Matrimonial Home

Today I am going to talk to you about an issue which is central to many family law disputes: the matrimonial home.

Hello,

My name is Deleta Grandy, with the Feldstein Family Law Group.

Today I am going to talk to you about an issue which is central to many family law disputes: the matrimonial home.

Under the Family Law Act, which is the Act that governs the division of property for married spouses in Ontario, a matrimonial home is defined as

“every property in which a person has an interest and that is, or, if the spouses have separated, was at the time of separation, ordinarily occupied by the person and his or her spouse as their family residence”.

Only married spouses can have a “matrimonial home” and as such, only married couples are entitled to the special rights which are attached to it. If you and your former spouse were common law, you should consult with a lawyer regarding your rights, entitlements, or obligations in respect of that property.

The definition of a matrimonial home includes property which is only in the name of one spouse.

Part II of the Family Law Act specifically provides both spouses with the right to possess the property, meaning the right to reside in it, regardless of ownership. This entitlement is considered very important, as it means that one spouse cannot kick the other one out in the event of separation (unless ordered by a court), regardless of who is on title to the property, or who has historically paid for it. Further, since both parties have a right to stay in the home, neither can sublet it, rent it, sell it, or mortgage it, without the permission of the other.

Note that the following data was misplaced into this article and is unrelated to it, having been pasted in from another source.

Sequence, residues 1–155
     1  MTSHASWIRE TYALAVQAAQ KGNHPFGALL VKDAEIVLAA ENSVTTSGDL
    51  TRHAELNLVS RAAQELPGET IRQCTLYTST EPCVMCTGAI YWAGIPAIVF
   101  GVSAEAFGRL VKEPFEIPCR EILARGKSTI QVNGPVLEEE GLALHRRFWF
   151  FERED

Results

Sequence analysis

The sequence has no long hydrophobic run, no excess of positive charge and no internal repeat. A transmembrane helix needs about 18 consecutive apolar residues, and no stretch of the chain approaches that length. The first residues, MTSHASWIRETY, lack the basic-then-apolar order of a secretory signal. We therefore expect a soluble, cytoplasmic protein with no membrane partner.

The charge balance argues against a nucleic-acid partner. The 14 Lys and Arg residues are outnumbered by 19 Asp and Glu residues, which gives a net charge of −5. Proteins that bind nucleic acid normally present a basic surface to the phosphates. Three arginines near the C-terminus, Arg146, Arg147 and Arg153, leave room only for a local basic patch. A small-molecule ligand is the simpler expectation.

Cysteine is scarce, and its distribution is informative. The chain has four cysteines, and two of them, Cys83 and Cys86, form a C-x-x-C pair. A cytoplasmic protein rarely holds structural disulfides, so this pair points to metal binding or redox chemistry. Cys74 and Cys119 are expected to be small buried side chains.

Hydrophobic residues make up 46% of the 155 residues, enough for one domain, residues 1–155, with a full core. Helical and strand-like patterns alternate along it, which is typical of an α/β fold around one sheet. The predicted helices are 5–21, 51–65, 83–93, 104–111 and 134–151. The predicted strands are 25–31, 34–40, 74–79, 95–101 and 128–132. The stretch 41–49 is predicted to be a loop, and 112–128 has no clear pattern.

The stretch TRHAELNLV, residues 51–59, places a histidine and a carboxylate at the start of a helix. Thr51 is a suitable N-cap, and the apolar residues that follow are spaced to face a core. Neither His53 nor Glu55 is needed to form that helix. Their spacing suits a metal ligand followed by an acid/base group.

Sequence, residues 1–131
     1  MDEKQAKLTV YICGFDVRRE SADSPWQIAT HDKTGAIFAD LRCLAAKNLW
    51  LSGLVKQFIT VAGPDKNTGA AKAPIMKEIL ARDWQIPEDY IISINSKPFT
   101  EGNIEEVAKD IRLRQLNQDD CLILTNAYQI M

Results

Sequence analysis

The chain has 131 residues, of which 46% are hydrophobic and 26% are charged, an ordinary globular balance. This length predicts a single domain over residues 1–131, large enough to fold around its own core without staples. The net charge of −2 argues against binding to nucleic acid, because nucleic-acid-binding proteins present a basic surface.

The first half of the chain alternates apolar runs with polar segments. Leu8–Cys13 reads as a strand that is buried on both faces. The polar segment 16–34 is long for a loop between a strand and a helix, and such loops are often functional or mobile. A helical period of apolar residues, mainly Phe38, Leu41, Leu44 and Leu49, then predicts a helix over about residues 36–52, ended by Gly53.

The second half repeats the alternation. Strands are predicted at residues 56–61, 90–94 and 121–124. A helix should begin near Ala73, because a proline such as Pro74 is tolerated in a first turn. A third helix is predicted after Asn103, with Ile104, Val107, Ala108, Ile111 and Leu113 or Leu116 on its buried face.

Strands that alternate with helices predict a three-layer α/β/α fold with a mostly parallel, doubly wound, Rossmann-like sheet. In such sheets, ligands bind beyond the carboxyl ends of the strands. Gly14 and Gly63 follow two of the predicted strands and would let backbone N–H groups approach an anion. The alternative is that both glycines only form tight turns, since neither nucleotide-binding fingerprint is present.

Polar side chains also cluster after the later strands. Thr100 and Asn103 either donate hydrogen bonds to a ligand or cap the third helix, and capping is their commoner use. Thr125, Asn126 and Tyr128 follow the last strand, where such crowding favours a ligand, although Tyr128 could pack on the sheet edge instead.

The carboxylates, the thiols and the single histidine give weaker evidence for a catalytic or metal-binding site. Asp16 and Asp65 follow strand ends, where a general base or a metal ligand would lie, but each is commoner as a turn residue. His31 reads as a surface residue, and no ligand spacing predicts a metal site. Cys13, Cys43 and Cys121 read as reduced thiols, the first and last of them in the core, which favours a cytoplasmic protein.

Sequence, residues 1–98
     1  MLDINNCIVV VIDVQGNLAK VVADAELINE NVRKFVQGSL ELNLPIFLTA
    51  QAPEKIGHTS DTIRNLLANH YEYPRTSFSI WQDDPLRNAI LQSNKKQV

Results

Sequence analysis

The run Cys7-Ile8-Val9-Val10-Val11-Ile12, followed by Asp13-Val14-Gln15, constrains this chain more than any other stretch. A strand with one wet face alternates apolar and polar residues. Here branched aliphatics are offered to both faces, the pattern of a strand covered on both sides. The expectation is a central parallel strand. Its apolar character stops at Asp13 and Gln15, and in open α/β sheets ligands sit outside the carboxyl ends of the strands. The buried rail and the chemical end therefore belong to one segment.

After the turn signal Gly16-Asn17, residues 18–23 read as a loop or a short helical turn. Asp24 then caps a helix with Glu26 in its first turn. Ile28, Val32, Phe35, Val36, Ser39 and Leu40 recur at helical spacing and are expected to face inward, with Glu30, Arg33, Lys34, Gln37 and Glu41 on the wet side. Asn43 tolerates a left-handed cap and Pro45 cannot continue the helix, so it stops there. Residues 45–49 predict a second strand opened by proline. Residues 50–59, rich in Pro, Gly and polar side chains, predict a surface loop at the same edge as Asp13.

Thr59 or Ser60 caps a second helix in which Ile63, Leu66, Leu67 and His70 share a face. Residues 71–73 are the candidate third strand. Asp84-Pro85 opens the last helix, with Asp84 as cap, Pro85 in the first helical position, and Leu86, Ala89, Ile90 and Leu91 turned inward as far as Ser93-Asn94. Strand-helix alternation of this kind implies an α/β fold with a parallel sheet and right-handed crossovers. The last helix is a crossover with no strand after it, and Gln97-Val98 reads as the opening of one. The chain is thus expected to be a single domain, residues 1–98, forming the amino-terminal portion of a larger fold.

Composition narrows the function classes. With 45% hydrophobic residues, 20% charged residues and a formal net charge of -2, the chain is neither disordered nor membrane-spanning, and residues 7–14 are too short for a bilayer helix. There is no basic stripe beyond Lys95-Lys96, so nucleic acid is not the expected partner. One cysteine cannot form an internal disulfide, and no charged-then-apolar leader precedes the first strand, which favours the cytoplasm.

For many married couples, the matrimonial home represents their largest asset, and as such, it forms a critical component of the division of property. Regardless of ownership, and regardless of who has historically paid the mortgage and other expenses for the matrimonial home, each party is entitled to half of the equity in the matrimonial home, subject to the equalization of other assets.

It is important that you consult with a family law lawyer to advise you in respect of your rights, entitlements, and obligation in respect of your matrimonial home.

Once again, I am Deleta Grandy and thank you for watching today.

If you need more information and wish to schedule a free initial consultation, please visit our website at www.separation.ca or contact our office at 1-855-909-9903.

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